According to media reports, economists and other experts are of the view that the most damaging policy blunder was to imagine that Central Bank can fix the exchange rate at an arbitrary rate it wishes to maintain and persist for a considerable time period.
Nevertheless, we have been following different exchange rate policy regimes in determining the nominal exchange rate for rupee, meaning the rate at which a Sri Lankan can trade rupees for the currency of another country. This is because any movements in the exchange rate is always a concern for economic players, irrespective their being businessmen, consumers, producers, investors and the monetary authorities. The writer has compiled data and prepared the following table to understand how the exchange rates have fluctuated during the last six years under different policy regimes.
As can be seen from Figure 1, there has been a major policy shift effected on March 7 2022. It was allowed to float (managed floating), and CBSL expects the upper limit as Rs 230.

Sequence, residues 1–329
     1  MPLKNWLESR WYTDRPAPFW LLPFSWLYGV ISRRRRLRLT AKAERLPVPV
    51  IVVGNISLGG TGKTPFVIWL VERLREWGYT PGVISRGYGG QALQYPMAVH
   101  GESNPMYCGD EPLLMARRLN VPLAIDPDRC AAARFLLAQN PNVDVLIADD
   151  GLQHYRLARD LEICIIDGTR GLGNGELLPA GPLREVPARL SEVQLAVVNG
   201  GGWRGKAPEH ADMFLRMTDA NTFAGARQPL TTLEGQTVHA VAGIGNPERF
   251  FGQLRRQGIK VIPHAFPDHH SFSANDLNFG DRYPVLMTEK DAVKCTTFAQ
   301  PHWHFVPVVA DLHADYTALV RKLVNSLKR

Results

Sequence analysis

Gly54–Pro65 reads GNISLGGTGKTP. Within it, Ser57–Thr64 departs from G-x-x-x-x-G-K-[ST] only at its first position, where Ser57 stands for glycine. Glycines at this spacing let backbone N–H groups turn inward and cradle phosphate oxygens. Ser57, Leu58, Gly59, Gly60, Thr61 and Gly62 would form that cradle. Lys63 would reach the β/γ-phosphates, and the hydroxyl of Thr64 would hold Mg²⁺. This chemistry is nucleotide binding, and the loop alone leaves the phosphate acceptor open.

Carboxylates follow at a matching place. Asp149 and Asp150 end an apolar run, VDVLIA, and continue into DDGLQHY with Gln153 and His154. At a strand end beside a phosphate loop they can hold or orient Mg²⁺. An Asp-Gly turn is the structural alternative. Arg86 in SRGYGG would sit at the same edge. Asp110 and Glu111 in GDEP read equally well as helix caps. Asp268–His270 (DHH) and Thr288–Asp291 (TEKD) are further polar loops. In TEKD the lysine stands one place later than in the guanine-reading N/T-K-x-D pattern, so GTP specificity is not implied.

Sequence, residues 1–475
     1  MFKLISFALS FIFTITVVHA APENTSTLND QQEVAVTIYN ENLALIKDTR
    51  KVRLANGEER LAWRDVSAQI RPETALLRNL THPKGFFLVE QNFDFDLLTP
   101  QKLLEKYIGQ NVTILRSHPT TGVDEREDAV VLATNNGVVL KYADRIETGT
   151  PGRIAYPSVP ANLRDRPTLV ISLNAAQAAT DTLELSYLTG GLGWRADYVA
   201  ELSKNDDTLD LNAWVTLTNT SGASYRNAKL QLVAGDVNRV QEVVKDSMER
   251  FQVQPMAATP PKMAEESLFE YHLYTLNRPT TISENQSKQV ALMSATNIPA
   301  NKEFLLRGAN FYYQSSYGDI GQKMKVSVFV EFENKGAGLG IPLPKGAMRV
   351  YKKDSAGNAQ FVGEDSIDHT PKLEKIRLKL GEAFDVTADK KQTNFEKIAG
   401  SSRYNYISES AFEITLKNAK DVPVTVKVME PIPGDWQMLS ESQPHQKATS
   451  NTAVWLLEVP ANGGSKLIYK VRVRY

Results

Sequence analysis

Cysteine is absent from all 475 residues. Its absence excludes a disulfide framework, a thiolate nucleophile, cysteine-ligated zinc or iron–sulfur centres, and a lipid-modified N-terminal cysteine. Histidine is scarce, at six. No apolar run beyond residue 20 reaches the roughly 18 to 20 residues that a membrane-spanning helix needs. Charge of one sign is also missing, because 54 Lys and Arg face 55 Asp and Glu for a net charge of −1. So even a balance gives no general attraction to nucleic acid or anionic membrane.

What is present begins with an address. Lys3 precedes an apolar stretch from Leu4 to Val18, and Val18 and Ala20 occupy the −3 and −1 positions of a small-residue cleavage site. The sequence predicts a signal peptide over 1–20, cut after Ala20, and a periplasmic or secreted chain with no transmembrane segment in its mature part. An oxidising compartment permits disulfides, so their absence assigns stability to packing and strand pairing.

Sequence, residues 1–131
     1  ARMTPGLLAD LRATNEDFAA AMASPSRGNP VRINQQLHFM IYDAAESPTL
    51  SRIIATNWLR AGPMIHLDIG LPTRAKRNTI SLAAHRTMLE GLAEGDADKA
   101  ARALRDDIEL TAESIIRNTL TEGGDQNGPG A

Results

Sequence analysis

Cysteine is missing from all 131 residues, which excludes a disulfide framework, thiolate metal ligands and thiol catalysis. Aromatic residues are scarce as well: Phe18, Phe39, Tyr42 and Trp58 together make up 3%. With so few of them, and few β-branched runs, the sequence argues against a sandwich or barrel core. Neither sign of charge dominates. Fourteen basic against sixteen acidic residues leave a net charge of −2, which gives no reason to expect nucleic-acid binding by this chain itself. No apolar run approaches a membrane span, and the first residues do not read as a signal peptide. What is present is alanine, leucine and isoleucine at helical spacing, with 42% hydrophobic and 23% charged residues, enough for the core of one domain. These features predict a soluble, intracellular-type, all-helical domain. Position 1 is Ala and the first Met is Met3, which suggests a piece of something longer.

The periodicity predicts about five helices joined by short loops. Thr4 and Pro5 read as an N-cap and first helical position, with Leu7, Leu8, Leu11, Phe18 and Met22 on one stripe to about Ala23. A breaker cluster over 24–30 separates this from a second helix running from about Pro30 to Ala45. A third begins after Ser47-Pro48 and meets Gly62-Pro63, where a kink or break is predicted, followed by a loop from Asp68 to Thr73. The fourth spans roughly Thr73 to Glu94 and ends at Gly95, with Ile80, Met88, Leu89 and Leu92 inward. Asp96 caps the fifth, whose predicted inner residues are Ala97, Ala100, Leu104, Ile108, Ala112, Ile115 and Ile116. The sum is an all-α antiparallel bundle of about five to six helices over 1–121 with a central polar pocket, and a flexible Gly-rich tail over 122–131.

Until March 7, both ‘fixed exchange rate’ and ‘managed floating’ policy regimes have been adopted for a long period of time.
However, the Rs 230 for $ could not be defended and consequently, the rupee was allowed to be floated based on market forces until 12/5/22.
Since 8/3/22 to date, ‘managed floating’ and ‘free floating policy regimes have been adopted.
ulnerable sectors got badly affected:
Let us discuss the sequence of events and ‘pros and cons’ of the different exchange rate regimes by summarising the salient features to understand the fluctuations in the rupee in relation to US$ and its impact in the economy.
Sequence of events:
The private sector including Chambers of Commerce, the opposition and even few government members of parliament and many professionals/academics/economists have insisted that the rupee be floated based on market forces. Then administration was reluctantly compelled to do so, having maintained the rupee around Rs. 203 per US $ from September ’21 up to 7/3/22. It was allowed to float (managed floating), and CBSL expected the upper limit as Rs 230. It can be concluded that wef 8/3/22, both the ‘managed floating’ (pegged) as well as ‘floating exchange rate’ regimes are being adopted to-date. Thereafter, wef 13/5/22, it was slightly changed to a ‘managed floating’ (pegged) policy regime, thereby preventing further depreciation of rupee up to date.